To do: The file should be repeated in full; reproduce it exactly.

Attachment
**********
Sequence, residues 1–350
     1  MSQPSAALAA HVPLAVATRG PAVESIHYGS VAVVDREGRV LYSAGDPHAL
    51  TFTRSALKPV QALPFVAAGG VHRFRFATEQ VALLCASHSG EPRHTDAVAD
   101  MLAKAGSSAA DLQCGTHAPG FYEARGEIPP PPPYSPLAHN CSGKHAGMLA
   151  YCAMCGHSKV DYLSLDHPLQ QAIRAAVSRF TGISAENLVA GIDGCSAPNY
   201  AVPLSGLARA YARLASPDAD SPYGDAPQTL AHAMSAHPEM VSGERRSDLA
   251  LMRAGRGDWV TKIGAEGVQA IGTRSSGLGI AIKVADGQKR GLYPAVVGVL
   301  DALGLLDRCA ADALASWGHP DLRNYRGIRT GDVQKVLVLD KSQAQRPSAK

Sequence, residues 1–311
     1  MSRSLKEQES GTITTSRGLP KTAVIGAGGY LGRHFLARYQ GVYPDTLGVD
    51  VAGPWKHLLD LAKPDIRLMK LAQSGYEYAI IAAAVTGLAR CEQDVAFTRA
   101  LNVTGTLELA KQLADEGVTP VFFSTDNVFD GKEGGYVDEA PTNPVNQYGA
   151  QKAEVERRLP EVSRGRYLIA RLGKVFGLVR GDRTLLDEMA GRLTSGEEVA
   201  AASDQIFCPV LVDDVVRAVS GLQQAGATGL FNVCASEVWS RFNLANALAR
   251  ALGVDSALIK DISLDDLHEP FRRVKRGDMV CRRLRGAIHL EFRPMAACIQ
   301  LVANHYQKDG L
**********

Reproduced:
Sequence, residues 1–350
     1  MSQPSAALAA HVPLAVATRG PAVESIHYGS VAVVDREGRV LYSAGDPHAL
    51  TFTRSALKPV QALPFVAAGG VHRFRFATEQ VALLCASHSG EPRHTDAVAD
   101  MLAKAGSSAA DLQCGTHAPG FYEARGEIPP PPPYSPLAHN CSGKHAGMLA
   151  YCAMCGHSKV DYLSLDHPLQ QAIRAAVSRF TGISAENLVA GIDGCSAPNY
   201  AVPLSGLARA YARLASPDAD SPYGDAPQTL AHAMSAHPEM VSGERRSDLA
   251  LMRAGRGDWV TKIGAEGVQA IGTRSSGLGI AIKVADGQKR GLYPAVVGVL
   301  DALGLLDRCA ADALASWGHP DLRNYRGIRT GDVQKVLVLD KSQAQRPSAK

Sequence, residues 1–311
     1  MSRSLKEQES GTITTSRGLP KTAVIGAGGY LGRHFLARYQ GVYPDTLGVD
    51  VAGPWKHLLD LAKPDIRLMK LAQSGYEYAI IAAAVTGLAR CEQDVAFTRA
   101  LNVTGTLELA KQLADEGVTP VFFSTDNVFD GKEGGYVDEA PTNPVNQYGA
   151  QKAEVERRLP EVSRGRYLIA RLGKVFGLVR GDRTLLDEMA GRLTSGEEVA
   201  AASDQIFCPV LVDDVVRAVS GLQQAGATGL FNVCASEVWS RFNLANALAR
   251  ALGVDSALIK DISLDDLHEP FRRVKRGDMV CRRLRGAIHL EFRPMAACIQ
   301  LVANHYQKDG L